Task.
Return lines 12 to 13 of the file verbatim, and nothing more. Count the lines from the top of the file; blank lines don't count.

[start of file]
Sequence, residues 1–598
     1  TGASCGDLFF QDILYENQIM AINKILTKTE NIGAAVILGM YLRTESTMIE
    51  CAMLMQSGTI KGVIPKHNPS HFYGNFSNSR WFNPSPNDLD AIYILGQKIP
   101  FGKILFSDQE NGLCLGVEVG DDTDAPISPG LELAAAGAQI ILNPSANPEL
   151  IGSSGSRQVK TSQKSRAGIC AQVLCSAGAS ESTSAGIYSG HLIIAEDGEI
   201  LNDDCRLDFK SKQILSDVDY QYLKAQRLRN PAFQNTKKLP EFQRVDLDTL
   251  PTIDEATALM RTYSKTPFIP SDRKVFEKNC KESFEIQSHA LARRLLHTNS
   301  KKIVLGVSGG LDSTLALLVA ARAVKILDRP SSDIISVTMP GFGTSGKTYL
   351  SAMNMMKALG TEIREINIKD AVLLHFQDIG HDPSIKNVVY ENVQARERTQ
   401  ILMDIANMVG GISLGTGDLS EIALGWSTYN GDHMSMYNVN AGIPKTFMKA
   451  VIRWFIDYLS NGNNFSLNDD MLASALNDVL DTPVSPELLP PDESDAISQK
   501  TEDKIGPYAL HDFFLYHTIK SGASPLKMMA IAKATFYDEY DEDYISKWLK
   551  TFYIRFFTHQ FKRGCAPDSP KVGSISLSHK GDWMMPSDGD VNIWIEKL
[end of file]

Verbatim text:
   501  TEDKIGPYAL HDFFLYHTIK SGASPLKMMA IAKATFYDEY DEDYISKWLK
   551  TFYIRFFTHQ FKRGCAPDSP KVGSISLSHK GDWMMPSDGD VNIWIEKL